Whether it’s your own kids or someone else’s, sooner or later you’ll have to drive with children in the car. So, here’s how to cope with the crying, screaming, arguing, food tossing, and ‘are we there yet?’s.
Prepare For The Trip
Preparing for your trip is probably the most important thing you can do. For example, if you want to protect your vehicle’s interior, you should buy good quality car seat covers, lay down old blankets to keep mud and dirt off your seats, and not give the kids things like crayons and markers, or food, which they can (and probably will) use to mess up the back seat.
Plan out fun activities that engage your child while on the trip. For example, instead of giving your kids “assignments” or distractions, talk to them, or give them music to listen to or listen to music together. This works especially well for short trips. On longer trips, you might need to be more creative.
Plan Short Trips During The Day
If you can, plan short trips during the day. This prevents boredom from sinking in and makes the trip more enjoyable for everyone. If it’s longer trip, see if you can plan an overnight travel schedule so that your child sleeps through the whole thing (or most of it).
Acknowledge The Child Without Causing Problems
According to psychologist Haim Ginott, many parents do more harm than good when their children become upset. Ginott recommends that parents:
● Not invite dependence
● Not correct facts
● Not violate privacy
● Avoid cliches
● Avoid talking too much
● Avoid labeling
● Avoid using reverse psychology
● Avoid contradictory messages
● Avoid “futurizing”
What does this mean for your road trip? It means that, when your child is screaming, you shouldn’t be looking for ways to shut down a child’s emotional state without understanding it first. When a child screams, it’s usually because something is happening to the child.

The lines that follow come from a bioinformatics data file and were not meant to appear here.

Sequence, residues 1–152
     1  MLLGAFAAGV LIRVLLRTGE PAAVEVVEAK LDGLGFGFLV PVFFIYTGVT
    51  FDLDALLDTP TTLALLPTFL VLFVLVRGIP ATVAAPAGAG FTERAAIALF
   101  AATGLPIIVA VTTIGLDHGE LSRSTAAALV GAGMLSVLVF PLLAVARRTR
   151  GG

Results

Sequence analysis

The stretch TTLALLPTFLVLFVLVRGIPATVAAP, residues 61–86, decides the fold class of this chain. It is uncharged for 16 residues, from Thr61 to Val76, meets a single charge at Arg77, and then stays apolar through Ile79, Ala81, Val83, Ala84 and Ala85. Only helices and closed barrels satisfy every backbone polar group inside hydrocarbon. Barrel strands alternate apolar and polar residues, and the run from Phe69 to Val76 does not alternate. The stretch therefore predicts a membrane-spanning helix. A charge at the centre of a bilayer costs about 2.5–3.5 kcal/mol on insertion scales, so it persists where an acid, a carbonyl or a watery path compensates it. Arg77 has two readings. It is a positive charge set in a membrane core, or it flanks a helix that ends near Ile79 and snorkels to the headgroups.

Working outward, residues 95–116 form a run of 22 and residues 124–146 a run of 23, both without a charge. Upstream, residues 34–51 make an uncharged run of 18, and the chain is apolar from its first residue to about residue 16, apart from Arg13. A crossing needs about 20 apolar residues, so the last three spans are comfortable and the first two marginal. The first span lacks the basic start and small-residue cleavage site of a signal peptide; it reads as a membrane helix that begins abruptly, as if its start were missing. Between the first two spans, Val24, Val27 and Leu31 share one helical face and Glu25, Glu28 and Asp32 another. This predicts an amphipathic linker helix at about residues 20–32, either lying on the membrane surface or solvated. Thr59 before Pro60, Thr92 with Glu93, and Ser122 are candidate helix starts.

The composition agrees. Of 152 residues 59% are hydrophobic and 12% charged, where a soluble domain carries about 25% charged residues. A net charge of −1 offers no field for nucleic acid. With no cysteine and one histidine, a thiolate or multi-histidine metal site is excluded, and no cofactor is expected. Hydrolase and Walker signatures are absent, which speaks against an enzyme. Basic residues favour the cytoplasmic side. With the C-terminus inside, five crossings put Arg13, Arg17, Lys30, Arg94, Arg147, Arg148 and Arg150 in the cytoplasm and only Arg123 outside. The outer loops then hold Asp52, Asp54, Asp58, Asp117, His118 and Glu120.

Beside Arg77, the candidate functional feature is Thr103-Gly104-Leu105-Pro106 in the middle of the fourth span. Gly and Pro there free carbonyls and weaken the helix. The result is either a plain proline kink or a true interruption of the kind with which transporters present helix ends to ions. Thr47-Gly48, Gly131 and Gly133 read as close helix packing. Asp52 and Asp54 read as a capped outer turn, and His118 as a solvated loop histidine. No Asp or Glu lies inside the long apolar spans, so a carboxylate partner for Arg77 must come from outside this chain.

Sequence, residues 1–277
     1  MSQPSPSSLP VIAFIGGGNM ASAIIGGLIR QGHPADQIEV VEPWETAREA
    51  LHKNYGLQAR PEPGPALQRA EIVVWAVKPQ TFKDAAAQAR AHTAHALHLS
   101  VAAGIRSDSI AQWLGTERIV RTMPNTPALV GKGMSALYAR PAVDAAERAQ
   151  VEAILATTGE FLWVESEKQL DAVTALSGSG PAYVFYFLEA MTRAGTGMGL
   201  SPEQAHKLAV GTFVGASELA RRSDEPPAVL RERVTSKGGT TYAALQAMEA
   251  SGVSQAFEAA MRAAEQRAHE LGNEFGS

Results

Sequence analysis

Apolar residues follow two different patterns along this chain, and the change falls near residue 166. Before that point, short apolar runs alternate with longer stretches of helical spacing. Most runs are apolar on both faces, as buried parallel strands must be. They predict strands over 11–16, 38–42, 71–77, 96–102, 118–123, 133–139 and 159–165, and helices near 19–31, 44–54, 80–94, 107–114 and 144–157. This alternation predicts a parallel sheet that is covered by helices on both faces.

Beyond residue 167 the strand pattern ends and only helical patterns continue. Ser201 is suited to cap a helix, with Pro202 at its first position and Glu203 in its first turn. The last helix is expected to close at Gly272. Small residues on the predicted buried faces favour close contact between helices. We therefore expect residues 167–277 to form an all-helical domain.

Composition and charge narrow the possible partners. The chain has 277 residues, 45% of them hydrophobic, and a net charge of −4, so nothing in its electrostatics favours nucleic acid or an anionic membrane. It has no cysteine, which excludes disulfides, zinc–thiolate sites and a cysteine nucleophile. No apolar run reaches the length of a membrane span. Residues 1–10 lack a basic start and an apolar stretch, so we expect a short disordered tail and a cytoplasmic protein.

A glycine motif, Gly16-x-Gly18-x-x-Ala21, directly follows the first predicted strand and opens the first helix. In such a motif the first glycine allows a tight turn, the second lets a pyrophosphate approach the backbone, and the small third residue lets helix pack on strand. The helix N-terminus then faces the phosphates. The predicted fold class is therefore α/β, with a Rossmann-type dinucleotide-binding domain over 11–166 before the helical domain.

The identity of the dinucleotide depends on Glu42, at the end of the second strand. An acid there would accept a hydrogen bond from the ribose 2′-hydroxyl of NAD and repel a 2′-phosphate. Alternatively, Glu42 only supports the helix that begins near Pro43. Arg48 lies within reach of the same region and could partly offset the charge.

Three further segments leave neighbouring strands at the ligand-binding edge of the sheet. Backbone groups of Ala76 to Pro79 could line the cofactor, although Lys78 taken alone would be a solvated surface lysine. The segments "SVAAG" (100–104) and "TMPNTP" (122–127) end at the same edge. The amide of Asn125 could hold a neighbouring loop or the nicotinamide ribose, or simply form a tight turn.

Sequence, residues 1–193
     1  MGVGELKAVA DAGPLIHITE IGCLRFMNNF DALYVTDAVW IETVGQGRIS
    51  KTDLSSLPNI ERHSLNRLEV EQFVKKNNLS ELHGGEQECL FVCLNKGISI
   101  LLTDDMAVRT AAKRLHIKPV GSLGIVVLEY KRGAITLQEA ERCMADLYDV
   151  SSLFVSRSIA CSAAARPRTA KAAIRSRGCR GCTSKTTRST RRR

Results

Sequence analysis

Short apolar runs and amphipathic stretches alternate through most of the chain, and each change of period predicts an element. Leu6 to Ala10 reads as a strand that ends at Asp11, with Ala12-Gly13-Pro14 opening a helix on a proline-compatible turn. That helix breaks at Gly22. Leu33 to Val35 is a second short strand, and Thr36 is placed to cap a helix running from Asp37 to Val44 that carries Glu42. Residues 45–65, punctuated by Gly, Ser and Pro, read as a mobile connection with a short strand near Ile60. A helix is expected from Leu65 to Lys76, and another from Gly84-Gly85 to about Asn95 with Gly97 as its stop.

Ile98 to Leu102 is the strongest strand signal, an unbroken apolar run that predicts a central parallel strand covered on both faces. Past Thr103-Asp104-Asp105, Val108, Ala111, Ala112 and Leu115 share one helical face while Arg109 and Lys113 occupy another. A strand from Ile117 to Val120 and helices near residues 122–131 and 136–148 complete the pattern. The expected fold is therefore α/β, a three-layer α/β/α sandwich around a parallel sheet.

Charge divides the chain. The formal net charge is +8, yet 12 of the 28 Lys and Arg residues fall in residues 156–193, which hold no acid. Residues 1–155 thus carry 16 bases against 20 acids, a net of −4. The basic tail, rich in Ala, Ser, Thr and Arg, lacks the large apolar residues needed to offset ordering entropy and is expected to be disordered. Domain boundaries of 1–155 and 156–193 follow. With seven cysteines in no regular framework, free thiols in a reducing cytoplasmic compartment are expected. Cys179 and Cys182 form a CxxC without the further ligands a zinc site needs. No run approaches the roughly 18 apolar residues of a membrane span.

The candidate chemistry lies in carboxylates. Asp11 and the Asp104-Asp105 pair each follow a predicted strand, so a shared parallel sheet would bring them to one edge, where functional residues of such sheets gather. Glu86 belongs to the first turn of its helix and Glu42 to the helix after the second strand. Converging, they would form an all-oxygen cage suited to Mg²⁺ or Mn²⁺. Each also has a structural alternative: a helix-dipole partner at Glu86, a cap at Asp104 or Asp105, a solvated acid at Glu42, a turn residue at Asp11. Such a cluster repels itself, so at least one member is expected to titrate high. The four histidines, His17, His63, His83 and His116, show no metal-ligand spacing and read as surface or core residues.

For example, if your child is screaming, or another child in the car (not your own) is screaming, what happened leading up to that event? Did the child make a comment which you ignored or minimized?
Sometimes, a child might say something like “I’m hungry,” and if a parent ignores or minimizes it, the child feels unheard and will repeat, louder and often much more emotionally, “I’m hungry now, now now now now!” Children can’t control their emotional states like adults, so parents often see this as a “temper tantrum,” but it was sparked by ignoring the child’s initial feelings.
In situations like this, it’s best to acknowledge the child’s hunger, and either stop to get something to eat or explain that you can’t stop to eat right now because it will make the family late but that the child will get something to eat at a certain point (if you can be specific, all the better).
If you practice understanding your child, without labeling him or her (i.e. “you’re a brat”), using reverse psychology (“go ahead, keep crying”), inviting dependence (“if you’re good, I’ll give you some candy”), and cliches (“a good child is a quiet one”), then you’ll find that your trip is much more enjoyable, even when the occasional outbreak occurs.